LOS ANGELES, Jan. 9, 2024 /PRNewswire/ — It’s no secret that the world of personal finance is changing rapidly, or that people worldwide lack adequate skill sets to navigate this increasingly complex financial landscape. But how much does financial illiteracy cost? According to a new survey conducted by the National Financial Educators Council (NFEC), that figure can be substantial.
The survey asked a sample of adults across the U.S. a single question: “During the past year (2023), about how much money do you think you lost because you lacked knowledge about personal finances?” Between December 4 and December 17, among the 1,540 individuals who participated in the survey, the estimated average amount of money lost due to lack of financial knowledge was $1,506.
The NFEC separates survey respondents into six age groups, calculates the average amount of money lost, and then extrapolates the total amount of money lost due to financial illiteracy, based on the 240 million adults currently residing in the U.S. That figure exceeded $388 billion in 2023.
See the full survey results here.
In further findings, a proportion of 60.6% of survey participants said lack of financial knowledge cost them more than $500 last year, with 22.1% of them reporting losing more than $2,500. The NFEC calculates these results by averaging the total number of participants who choose each response category, using the lowest number in the range.
“Financial illiteracy in the U.S. has reached epidemic proportions,” Vince Shorb, the NFEC’s CEO, says. “We have never needed widespread financial education more than we do today. We must help all Americans gain the knowledge about managing their personal finances that will empower them to handle the real-world decisions they need to make. The future of our economy and society depends on it.”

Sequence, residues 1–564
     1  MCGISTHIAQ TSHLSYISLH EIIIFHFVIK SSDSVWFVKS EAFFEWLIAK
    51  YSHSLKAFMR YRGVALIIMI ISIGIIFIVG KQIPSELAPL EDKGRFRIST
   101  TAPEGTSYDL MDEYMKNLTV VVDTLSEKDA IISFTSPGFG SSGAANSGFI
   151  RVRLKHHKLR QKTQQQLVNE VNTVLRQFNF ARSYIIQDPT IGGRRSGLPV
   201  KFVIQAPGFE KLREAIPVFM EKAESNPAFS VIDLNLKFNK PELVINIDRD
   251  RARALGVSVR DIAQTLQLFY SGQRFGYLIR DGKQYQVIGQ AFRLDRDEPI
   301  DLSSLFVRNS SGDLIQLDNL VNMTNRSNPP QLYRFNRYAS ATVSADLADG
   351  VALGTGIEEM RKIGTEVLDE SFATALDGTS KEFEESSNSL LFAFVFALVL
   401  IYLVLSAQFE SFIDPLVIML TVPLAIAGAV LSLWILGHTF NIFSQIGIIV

The NFEC began gathering these data in 2017 as part of its research exploring the status of financial literacy in the country and uses the results to advocate for greater economic empowerment. In the two previous years’ surveys – 2021 and 2022 – Americans said they lost $1,389 and $1,819, respectively, due to lack of personal finance knowledge. See the full survey results from current and past years.
The need for more financial education in the U.S. is underscored by the current rates of credit card debt (over $1 trillion), lack of emergency savings funds, and shortfalls in retirement savings. It’s important to note that the losses reported in this survey may be underestimated, as people with low levels of financial literacy may not know how much money it actually costs them. For example, lack of financial knowledge can lead to high interest rates, bank overdraft fees, identity theft, and vehicle impoundment – which may not be included in the estimates.
The National Financial Educators Council (NFEC) is a Certified B Corporation and Accredited Provider through IACET, the leading continuing education accreditation entity. The NFEC advocates for greater financial wellness and distributes financial education resources on a global basis. Through its research efforts, the NFEC characterizes people’s financial health across the U.S. and around the world. In previous studies, the organization has clarified strong links between personal finance capability and positive financial behaviors.
SOURCE National Financial Educators Council